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Developed by Carla Evans & Jeri Thompson
National Center for the Improvement of Educational Assessment
Welcome to Module 4: Closing the gap, Part 1: Using evidence of learning to adjust instruction and better meet students’ needs. This module is part of Micro-Course 1: Learning Acceleration Using Formative Assessment Processes in the Classroom (Introductory Version) created by the California Collaborative for Educational Excellence and the Center for Assessment.
As a warm-up for this module, consider the following question: What instructional strategies have you used or know about to help close the gap between where students are now in their learning and where they need to go?
Please pause the video and respond to this question either alone or with colleagues. After your reflection or discussion, resume playing the video.
Key to the conversation in this module is the concept that formative assessment is a process that is inseparable from instruction. Formative assessment processes are the bridge between teaching and learning. There is no way for a teacher to know if a student ‘got it’ after teaching a lesson unless evidence of student learning is collected–and formative assessment processes do just that. This gathering of evidence of students’ knowledge and skills is then used to adjust instruction to support learning.
The purpose of this module, therefore, is to explain different strategies for using the evidence collected of student learning before, during, and/or after instruction to help all students demonstrate grade level proficiency expectations by the end of the year.
Therefore, this module will focus on steps 2-4: analyzing student work using quick sorts, adjusting instruction, using flexible grouping and feedback mechanisms, and then repeating the process over again focusing on the important big ideas and concepts in your content area and grade level.
We start with Step 2: analysing student work using quick sorts. Student work is meant to be a broad term. Evidence of student learning may be more informally collected such as through teacher observation, anecdotal notes, teacher discussions with students, or listening in on student discussions with their peers. Or, evidence of student learning may be more formally collected from student written or oral explanations, or other types of written student work samples, products, or artifacts.
The key part of this step is sorting the student work or observations into three piles or three groups. A teacher can look for both evidence of students’ developing understandings that can be built upon, as well as issues or concerns evidenced in the student work, to sort into groups or piles. For simplicity, we are going to explain a scenario where a teacher sorts the work into three piles based on the level of student understanding demonstrated: Group 1 is not presently demonstrating understanding of the key concept or skill, Group 2 demonstrates some understanding, and Group 3 demonstrates complete understanding.
If most students are sorted into one group, whole group instruction is likely the best option. If students are spread out and sorted into all three groups, whole group instruction is likely not the best approach. Teachers should prioritize students who do not yet appear to understand, perhaps putting them in a teacher-led small group. Students who demonstrate some understanding could be paired with those who demonstrate complete understanding, or students who demonstrate some understanding could be grouped in a student-led small group to respond to feedback provided by the teacher. There is not one right way to flexibly group students, but the grouping should match the students’ learning strengths and needs. If most students demonstrated complete understanding then the teacher should feel confident that they can move on in the curriculum.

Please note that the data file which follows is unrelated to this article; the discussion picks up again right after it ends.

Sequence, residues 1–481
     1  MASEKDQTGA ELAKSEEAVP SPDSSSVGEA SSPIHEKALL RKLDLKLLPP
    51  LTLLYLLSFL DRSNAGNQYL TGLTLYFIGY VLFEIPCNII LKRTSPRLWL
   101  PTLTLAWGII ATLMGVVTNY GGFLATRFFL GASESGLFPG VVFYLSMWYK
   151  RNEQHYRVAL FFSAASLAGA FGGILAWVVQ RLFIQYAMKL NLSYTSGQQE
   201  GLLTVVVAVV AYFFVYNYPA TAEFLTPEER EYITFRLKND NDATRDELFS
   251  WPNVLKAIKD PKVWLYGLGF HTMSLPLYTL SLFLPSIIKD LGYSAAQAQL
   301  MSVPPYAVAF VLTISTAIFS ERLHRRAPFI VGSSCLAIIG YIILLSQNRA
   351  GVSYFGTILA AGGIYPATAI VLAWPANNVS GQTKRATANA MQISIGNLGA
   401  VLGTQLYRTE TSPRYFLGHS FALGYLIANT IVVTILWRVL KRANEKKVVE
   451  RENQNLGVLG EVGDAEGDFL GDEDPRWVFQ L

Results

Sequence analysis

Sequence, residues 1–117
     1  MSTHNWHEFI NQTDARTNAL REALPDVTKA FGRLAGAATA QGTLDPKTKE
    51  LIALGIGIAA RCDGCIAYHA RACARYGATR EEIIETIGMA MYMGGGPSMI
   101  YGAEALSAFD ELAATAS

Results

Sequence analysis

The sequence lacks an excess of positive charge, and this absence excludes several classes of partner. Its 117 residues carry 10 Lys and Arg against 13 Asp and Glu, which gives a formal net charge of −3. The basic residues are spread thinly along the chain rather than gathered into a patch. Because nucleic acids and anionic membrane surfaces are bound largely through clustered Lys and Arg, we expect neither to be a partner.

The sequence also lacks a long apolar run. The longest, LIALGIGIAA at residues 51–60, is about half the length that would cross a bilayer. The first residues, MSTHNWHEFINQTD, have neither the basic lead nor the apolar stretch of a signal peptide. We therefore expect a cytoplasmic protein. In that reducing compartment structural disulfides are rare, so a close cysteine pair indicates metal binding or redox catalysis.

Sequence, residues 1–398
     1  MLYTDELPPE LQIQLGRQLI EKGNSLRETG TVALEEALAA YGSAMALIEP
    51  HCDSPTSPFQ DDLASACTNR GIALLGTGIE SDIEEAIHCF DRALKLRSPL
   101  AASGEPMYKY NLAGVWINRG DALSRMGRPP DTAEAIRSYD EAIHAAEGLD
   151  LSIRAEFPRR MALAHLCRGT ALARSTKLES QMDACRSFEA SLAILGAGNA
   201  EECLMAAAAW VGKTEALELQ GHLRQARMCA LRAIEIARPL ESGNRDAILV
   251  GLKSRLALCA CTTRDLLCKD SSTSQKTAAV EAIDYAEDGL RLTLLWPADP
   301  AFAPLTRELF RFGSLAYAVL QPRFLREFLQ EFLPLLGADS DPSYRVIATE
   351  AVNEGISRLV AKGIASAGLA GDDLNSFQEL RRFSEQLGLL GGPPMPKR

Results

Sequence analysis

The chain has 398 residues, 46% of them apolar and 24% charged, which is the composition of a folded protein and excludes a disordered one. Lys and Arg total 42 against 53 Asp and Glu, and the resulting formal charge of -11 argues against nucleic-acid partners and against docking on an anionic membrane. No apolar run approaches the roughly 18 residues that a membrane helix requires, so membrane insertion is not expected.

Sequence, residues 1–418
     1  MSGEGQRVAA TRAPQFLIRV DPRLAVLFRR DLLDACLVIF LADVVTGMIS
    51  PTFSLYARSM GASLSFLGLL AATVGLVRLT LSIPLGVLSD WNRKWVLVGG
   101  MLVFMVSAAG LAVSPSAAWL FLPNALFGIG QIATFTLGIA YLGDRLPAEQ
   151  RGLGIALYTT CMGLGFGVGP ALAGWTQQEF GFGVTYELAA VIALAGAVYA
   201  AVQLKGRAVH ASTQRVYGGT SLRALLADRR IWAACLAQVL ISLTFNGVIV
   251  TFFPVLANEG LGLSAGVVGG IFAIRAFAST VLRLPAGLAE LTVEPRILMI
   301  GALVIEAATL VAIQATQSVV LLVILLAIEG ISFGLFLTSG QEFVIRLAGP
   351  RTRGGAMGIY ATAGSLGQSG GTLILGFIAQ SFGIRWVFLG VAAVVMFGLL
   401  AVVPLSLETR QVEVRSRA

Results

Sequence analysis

Just note that three groups is not a magic number. We chose three because it is a manageable way to consider creating flexible groups.
This slide was also used in Module 2 which focused on pre-assessment, but it provides an example of how you can use a one question pre-assessment to sort student work into three piles. Module 2 also contains examples for math and ELA.
Step 3 focuses on adjusting instruction using flexible grouping strategies and feedback mechanisms. Let’s start with discussing what flexible grouping means. To do so, consider the question: What are all the ways you can think of to group students in your classroom? Please pause the video and respond to this question either alone or with colleagues. After your reflection or discussion, resume playing the video.
We thought of at least four ways a teacher can group students in his/her classroom:
- Independent or individual
- Small groups (more similar or less similar learning strengths/needs)
- Whole group
We use the term flexible groups because it is important that grouping doesn’t become a form of tracking. Tracking is more common in high school, but it is where students are placed into tracks such as honors, college prep, etc. and students cannot easily change the level of classes into which they are placed.
Instead, flexible groups are fluid and dynamic. The groupings change frequently and change to meet the different strengths and learning needs of students. Teachers might make group assignments such as pairs or small groups based on the results of analyzing student work using quick sorts. Or, students might choose to work with a particular partner or group based on their interests or learning strengths/needs. Flexible grouping offers students the opportunity to work with classmates who are either similar or quite different in skill levels or interests from them.